October 4, 2013
While riding in the middle of the Nevada desert, Paul Asay felt his bike seat jolt loose. With a mixture of disbelief and frustration, he stood on the side of the road, and watched cyclists he had passed continue on.
The Indiana State University staff member had envisioned a different finish to his first Ironman 70.3 World Championships race.
An avid runner, Asay's involvement in triathlons began 25 years ago when he suffered a stress fracture and could not run for six weeks. He began swimming with a friend and soon was preparing for his first triathlon. Although Asay has competed in virtually every type of competitive race, a TV special about the Ironman Championships in Hawaii inspired him to compete in the 70.3 mile endurance test.
"It captured my imagination like nothing else ever has," said the systems administrator for Indiana State's Cunningham Memorial Library. "I was like, ‘That is awesome. I don't know if I can do it, but that just seems completely awesome.'"
Asay said that there is no such thing as an easy day when it comes to training for an Ironman race. His training schedule featured two-hour workouts of swimming, cycling and running during the week, a 45-mile bike ride on Saturdays and an eight- or nine- mile run on Sundays.
"It's a lifestyle sport and not something you can do well by just training for it on occasion," Asay said. "I usually plan out my season a year in advance and have a pretty good idea of when I need to be in peak form."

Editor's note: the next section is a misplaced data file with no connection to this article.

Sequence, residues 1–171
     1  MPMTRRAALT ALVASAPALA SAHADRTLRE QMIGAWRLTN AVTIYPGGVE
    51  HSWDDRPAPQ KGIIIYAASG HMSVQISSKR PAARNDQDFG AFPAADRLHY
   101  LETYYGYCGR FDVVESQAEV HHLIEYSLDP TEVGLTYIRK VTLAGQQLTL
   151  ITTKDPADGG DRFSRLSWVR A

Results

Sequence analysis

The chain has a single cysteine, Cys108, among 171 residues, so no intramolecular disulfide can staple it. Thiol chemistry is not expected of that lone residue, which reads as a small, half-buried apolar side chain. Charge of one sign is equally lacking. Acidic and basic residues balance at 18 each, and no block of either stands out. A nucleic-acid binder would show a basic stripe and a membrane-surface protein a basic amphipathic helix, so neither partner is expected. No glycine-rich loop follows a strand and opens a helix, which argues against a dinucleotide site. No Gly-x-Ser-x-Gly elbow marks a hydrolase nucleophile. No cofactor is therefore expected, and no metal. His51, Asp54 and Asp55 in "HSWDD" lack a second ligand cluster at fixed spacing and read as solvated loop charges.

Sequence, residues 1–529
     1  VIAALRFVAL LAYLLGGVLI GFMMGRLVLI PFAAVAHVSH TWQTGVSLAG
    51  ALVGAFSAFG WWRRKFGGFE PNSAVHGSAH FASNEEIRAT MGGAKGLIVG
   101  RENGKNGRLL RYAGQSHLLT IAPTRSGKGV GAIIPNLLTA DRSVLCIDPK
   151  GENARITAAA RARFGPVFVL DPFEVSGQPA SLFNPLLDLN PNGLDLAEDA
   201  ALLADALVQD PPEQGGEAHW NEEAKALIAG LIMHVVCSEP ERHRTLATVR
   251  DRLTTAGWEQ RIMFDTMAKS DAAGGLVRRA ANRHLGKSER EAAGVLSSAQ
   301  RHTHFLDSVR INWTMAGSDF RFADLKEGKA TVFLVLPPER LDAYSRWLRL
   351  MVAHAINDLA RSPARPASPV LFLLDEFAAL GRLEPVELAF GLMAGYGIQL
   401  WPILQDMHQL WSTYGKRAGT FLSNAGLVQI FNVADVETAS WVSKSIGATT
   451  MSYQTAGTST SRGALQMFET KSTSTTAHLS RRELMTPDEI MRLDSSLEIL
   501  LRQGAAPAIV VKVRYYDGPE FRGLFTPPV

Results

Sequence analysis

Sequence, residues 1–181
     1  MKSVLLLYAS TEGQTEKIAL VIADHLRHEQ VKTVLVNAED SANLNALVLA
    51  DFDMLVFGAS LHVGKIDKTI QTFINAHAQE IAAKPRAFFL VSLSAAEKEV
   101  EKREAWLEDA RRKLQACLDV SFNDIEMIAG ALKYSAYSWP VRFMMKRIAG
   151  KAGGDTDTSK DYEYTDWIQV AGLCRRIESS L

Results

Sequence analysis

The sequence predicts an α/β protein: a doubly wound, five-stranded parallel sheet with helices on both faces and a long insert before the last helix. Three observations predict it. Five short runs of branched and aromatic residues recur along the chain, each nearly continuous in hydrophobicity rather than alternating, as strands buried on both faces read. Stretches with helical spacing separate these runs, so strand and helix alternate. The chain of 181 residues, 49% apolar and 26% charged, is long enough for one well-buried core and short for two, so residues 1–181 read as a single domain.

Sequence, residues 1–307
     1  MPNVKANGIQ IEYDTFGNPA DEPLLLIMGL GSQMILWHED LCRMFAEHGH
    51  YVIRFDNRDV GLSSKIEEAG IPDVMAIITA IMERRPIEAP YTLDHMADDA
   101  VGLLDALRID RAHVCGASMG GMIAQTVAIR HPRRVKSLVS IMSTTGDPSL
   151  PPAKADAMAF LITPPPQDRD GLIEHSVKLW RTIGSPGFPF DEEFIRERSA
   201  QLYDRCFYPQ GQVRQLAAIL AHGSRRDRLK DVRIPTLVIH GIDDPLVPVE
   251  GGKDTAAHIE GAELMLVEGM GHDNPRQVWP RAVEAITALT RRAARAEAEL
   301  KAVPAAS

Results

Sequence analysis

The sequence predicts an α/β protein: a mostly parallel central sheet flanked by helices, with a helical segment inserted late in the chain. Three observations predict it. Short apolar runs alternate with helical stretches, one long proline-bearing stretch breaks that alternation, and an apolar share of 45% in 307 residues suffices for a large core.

All of his hard work paid off on Aug. 4, when he qualified for the Ironman 70.3 Championships at the Steelhead 70.3 Ironman race in Benton Harbor, Mich. Also known as a "half Ironman," Ironman 70.3 races are half the distance of an Ironman race, with all three legs of the race totaling 70.3 miles. With the encouragement of his wife and training partner Ethan Page, who also qualified for the Las Vegas race, he decided to accept the challenge.
"I thought ‘Oh my gosh, what have I just done?," Asay said. "But I'm not one to really turn down adventure."
Although he enjoyed this summer's cooler temperatures in Indiana, Asay had concerns about how he would handle the dry desert heat on race day. When his plane landed in Las Vegas at midnight, the pilot announced it was 91 degrees. The weather on race day? Rain.
"It was the strangest thing," Asay said. "They never get pouring down rain for hours on end, but that's what happened."
Asay said that the rain made the 1.2-mile swim in Lake Las Vegas "uninviting" because of the rainfall and murky waters. Out of the murky waters, Asay changed into his cycling gear and began the 56-mile bike ride through the dry and hilly desert of Lake Meade National Recreation Area.
Then 22 miles into his bike ride, his seat popped loose and he came to a stop on the side of the road.
"I was totally focused just the second before on riding the best I possibly could, and then an instant later I knew my competitive day was done," Asay said. "It became a total effort at that very moment just to find a way to finish."